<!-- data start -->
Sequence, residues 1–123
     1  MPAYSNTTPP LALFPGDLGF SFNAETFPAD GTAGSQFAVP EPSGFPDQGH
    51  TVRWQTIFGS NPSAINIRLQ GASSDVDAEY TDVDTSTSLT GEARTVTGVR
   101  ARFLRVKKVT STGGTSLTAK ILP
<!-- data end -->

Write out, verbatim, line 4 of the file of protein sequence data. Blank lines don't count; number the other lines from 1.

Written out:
   101  ARFLRVKKVT STGGTSLTAK ILP